The agriculture class in the Career & Technical Institute at Dutchess BOCES processed and bottled honey for sale to raise money for the Future Farmers of America (FFA) at Dutchess BOCES.
This was the first harvest of honey for the class from the three hives located on a hill outside the classroom. Two of the hives were purchased in the spring of 2021 and a third was later formed with a queen bee and worker bees.
Rebecca Cossa, agriculture teacher, said students extracted the honey and prepared it for bottling. Students bottled 25 eight-ounce honey bears and 48 four-ounce jars.
Cossa added her class was taking orders for honey before the honey was even bottled. The 25 honey bears were sold and some four-ounce jars of honey remained available for sale.
“They’re very interested, very brave and very helpful,” said Cossa of her students.
Lucy Mann is a junior in the agriculture class from Pawling High School.
“I thought it was fun. It was exciting, but I didn’t go in the (bee) suit,” she said.
Jaden Hanks, a junior from Hopewell Junction and John Jay High School, was one of the students in the bee suit who collected the honey. He hopes to be a veterinarian and said the class is teaching him to operate a business.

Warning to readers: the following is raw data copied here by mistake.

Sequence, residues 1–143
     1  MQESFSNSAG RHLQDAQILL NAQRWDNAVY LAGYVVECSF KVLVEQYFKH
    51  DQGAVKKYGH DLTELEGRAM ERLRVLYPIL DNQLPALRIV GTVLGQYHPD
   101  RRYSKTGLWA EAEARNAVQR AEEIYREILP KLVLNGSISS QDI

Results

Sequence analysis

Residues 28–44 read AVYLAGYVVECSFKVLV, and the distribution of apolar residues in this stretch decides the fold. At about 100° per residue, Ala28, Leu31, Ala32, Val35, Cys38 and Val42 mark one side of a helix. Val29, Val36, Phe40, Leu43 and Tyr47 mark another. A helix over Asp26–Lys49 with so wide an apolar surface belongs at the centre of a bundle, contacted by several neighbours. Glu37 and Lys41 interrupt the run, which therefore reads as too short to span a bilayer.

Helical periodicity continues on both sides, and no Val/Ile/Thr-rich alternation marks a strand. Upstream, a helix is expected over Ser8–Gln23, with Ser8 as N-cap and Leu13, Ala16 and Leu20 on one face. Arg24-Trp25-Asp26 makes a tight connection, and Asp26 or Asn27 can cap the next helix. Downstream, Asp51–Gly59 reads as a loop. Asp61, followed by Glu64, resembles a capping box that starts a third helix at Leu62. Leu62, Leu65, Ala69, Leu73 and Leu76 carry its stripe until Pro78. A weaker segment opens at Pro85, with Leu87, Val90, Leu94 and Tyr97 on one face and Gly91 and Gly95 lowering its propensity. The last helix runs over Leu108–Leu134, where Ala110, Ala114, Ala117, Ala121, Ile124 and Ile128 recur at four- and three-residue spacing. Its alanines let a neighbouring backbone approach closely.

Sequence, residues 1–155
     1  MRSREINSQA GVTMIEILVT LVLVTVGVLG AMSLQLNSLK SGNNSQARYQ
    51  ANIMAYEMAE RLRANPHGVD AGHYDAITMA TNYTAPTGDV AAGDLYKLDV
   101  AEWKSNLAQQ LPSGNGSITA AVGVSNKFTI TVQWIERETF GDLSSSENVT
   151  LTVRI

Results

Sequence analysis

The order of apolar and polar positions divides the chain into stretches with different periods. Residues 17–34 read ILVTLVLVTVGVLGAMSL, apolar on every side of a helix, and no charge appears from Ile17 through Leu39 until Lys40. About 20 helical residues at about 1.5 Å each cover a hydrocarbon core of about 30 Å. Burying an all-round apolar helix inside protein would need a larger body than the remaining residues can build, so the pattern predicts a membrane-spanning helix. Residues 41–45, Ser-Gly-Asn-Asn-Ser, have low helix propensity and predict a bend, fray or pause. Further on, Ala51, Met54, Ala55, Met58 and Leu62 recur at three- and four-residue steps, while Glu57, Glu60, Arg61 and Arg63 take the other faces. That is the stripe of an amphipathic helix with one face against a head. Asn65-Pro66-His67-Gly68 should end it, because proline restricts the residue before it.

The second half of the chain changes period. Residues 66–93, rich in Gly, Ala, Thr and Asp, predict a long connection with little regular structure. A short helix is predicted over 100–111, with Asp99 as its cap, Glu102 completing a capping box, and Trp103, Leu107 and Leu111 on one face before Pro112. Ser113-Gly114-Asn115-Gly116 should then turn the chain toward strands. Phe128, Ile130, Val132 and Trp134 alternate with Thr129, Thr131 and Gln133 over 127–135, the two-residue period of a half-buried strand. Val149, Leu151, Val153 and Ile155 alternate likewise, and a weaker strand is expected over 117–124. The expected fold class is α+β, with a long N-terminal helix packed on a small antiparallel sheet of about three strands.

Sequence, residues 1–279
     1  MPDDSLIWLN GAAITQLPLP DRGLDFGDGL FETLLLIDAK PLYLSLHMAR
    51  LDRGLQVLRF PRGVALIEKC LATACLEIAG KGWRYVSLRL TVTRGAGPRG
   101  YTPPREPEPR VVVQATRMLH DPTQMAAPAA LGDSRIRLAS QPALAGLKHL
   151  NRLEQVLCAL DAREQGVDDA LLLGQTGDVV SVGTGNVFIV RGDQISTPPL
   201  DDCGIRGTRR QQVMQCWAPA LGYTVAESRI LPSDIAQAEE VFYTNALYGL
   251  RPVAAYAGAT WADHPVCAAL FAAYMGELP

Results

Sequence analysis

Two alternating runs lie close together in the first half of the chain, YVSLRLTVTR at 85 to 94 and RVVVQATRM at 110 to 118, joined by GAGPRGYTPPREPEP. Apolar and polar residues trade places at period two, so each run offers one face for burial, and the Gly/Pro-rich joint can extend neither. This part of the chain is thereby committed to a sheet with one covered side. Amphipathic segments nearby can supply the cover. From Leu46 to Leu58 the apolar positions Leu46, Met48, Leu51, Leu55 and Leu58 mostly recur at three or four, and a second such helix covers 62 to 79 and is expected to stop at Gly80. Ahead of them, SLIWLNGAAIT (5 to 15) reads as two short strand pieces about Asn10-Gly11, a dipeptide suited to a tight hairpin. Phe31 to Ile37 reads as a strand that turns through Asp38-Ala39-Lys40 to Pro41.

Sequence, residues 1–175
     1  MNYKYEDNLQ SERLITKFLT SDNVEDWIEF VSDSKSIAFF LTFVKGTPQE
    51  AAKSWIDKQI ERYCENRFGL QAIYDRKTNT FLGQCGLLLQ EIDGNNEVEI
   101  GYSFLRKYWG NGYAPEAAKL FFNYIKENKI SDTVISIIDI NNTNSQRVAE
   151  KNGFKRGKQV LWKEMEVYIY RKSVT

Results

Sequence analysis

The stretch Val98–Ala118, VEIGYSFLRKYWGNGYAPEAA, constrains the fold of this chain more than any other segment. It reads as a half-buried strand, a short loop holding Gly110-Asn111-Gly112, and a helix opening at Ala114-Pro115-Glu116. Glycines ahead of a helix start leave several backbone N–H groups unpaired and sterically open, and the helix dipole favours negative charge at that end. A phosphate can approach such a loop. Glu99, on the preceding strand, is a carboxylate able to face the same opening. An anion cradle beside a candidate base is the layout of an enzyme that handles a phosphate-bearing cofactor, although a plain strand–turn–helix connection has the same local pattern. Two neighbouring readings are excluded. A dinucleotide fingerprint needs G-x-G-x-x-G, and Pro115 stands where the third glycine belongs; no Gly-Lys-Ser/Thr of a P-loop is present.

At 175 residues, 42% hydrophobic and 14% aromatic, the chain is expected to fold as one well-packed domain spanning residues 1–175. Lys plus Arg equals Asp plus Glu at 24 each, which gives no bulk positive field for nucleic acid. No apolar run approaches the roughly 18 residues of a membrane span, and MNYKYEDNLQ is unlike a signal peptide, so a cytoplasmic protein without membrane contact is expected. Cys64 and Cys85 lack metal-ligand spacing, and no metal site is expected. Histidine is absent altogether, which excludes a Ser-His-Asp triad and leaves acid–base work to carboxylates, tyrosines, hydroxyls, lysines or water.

“It takes time and patience, especially when you enter the industry for agriculture because it’s very competitive, so you’ve got to find something that’s right for you, and have fun,” he said.
With the winter and holiday season approaching, the students were feeding the bees sugar patties for the winter and preparing the hives for the cold weather. They’ll check on the bees in the spring.
The students also are preparing holiday centerpieces with greens and candles that also will be sold to raise money.
“It’s a start to finish process that I want them to see in many different contexts of animals and plants because often times people say they love animals and they think they want to be a vet, so I’m trying to expose them to lots of things that the agriculture industry has to offer that might suit them even better with their interest and abilities,” said Cossa.
“I hope anything they learn in here they can use in their life as soon as they leave the room and may apply to their job and their home, too.”
Published December 8, 2022